Knedlíky (singular: knedlík) are simple boiled dumplings from the Czech Republic, a small country located in Central Europe surrounded by Poland, Slovakia, Austria, and Germany. The bread Czech dumplings are made with flour, yeast, egg, salt, and milk and are boiled and then sliced. Knedlíky are a staple food of Czechian cuisine and are served on the side of many traditional dishes, including the quintessential Czech dish vepřo knedlo zelo.
Knedlíky have a long and rich history, much like that of Czechia. The land which makes up the Czech Republic today has a history of monarch, religious, and communist rule, but today is a market-based republic. The first known accounts of dumplings in the area date back to the days of ancient Rome when dumplings made of meat, vegetables and grains were boiled or fried in animal fat.
Flour-based dumplings were first recorded in the Middle Ages and were often filled with meat and vegetables and fried in animal fat. The tale of today’s boiled knedlíky dumplings dates to Czech war times in the 1800s, when it is said a military cook decided to boil his dough loaves in water when his oven was destroyed by enemy fire. Whether or not the story is true, the water-boiled Czech dumplings popular today were not recorded before this time and instead were similar to meat pies and baked dough balls, which are still popular throughout Central Europe.
Originally served as a main dish filled with meat and vegetables, today knedlíky are a common accompaniment to many dishes in Czech cuisine, which is rich in meats, stews, soups, pickled vegetables, and sweet pastries. The Czech dumplings are typically used to soak up meat and vegetables sauces and while most often now made with quick-rising wheat flour and cut into slices after boiling, they have also been made with rice and other flours and have taken many shapes over the years.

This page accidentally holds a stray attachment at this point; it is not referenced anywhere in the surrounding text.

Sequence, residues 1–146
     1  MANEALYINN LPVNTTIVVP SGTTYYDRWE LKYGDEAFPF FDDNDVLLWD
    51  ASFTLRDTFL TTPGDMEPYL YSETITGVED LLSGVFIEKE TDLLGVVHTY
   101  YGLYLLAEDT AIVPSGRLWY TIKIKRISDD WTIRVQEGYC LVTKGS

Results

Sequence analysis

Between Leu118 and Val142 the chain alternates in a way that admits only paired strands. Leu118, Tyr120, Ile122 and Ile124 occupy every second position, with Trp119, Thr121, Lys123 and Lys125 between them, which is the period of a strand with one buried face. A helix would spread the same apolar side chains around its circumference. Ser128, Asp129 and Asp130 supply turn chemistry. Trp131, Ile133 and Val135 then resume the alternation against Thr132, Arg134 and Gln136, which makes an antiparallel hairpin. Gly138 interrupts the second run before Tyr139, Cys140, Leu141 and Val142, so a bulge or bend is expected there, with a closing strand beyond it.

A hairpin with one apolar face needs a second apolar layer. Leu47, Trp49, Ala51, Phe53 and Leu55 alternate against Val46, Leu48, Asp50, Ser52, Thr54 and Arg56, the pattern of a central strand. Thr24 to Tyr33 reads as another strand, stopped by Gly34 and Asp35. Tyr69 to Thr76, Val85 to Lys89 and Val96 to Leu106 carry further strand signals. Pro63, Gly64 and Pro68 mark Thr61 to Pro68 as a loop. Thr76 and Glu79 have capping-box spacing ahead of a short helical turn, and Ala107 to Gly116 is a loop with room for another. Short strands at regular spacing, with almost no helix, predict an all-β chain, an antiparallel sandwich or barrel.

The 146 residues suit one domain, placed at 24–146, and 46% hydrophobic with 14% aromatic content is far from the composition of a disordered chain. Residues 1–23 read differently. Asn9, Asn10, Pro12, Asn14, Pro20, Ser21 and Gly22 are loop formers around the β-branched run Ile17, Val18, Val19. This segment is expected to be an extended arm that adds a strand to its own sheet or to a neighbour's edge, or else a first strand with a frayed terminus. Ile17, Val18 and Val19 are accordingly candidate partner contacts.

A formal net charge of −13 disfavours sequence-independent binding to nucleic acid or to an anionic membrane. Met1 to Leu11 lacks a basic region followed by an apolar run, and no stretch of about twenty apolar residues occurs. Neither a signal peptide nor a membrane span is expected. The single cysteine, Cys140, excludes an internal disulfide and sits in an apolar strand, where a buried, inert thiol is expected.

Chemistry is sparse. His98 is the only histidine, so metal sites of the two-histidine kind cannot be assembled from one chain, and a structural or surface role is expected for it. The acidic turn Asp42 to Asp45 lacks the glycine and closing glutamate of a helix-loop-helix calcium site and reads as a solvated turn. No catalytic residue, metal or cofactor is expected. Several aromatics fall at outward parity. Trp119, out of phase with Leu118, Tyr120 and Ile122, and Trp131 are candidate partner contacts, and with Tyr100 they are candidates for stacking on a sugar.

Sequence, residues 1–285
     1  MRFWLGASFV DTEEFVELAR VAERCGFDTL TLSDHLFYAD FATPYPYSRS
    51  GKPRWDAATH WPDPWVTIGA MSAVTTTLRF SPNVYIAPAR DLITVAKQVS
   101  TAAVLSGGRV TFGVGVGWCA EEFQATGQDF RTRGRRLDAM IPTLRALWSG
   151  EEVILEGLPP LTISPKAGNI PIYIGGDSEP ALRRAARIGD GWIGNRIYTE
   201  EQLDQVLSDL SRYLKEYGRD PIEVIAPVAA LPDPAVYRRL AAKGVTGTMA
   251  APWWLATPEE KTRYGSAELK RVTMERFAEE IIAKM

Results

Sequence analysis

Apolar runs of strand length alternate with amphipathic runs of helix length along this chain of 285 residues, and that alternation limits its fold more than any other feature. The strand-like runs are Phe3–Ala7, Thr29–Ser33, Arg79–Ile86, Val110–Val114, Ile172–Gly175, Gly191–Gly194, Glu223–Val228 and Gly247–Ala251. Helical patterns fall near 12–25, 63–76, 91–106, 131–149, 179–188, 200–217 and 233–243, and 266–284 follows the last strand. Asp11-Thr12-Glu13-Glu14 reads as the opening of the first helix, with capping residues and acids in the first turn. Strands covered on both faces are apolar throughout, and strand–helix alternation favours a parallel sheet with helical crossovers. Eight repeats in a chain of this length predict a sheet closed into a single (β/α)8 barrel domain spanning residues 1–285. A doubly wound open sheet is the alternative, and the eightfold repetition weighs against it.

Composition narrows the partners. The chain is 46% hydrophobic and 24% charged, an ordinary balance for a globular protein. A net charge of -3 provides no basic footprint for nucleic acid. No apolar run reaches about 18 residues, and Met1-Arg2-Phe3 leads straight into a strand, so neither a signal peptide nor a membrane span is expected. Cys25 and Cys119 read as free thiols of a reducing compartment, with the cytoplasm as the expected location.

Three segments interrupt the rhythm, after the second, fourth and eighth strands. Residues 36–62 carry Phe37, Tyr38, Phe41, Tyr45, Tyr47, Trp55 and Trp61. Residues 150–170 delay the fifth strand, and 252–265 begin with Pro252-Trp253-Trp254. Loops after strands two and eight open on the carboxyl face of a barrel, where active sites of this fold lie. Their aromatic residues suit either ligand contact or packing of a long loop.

Bread dumplings variations are popular in cuisines through Europe and variations are also often called knedlo, knedlíky, knödel, knédli, knedľa, kniddel, knedle, cnigle, and canederli depending on their country or culture of origin. These variations on knedlíky can be found in Germany, Austria, Poland, Slovakia, Hungary, and Italy, and each culture has created their own take on the boiled or baked bread dumpling.
Klöße are a popular knedlík variation made from mashed potatoes, eggs, and flour and are steamed or boiled and a similar variation named grízgaluska from Hungary are made with semolina flour. Semmelknödel from Germany are made in a similar fashion to Czech knedlíky but are sometimes boiled wrapped in a napkin and are then called serviettenknödel, and if stuffed with ham are called speckknödel. Sweet dumplings are also popular throughout Europe and are often filled with fruits, jams, and honey.
As Central European immigrants moved to other areas of the world, they modified their techniques and ingredients in their new countries and created new variations of knedlíky. For example, German immigrants in Brazil make Klöße from white rice and wheat flour. In the United States, they created klub from local grain flours, and in Canada, they make meat and gravy dumplings named poutine râpée. Jewish matzah balls are also thought to be a take on the traditional boiled dumpling made from matzah meal, and originated from Ashkenazi groups in Central and Eastern Europe. You can even find steamed bread dumplings in China as we showed you with mantou!
Knedlíky are a simple and easy Czech dumpling recipe that pairs well with meat and gravy and stew or soup recipes. Enjoy knedliky with Czech favorites like kyselica, svíčková na smetaně, goulash, or vepřo knedlo zelo to have a truly traditional Czechian meal!
This recipe is validated by our culinary expert in Czech cuisine, Kristyna Montano. You can find Kristyna on her food blog CzechCookbook.com.
Knedlíky are simple boiled dumplings from the Czech Republic, that are served on the side of many traditional dishes, including goulash.
- 4 cups quick-mixing or instant flour
- 1 cup milk ,warm
- 1 egg
- 1 teaspoon yeast
- 1 teaspoon sugar
- 1 teaspoon salt
Combine the sugar, the yeast, and the milk. Whisk and set aside for about 10 minutes or until it is foamy.
In the bowl of a stand mixer, combine the flour, the egg, the salt. Add the yeast mixture and knead until the dough detaches from the edges of the bowl.
Cover the bowl with a cloth and let it rise for 2 hours, in a warm area away from drafts.
Dust the work surface with flour and form the dough into 3 loaves.
In a large pot, bring salted water to a boil. Carefully place the dumplings in the pot.
Reduce the heat to low and cook covered for 20 minutes, turning the dumplings half way through the cooking. You need to maintain a rolling boil throughout the cooking.
Take the dumplings out of the pot. Poke the dumplings in a few places with a fork to let the steam out.
Slice the dumplings delicately with a sewing thread, a dental floss, or a serrated knife. Slices should be about ¾ inch thick.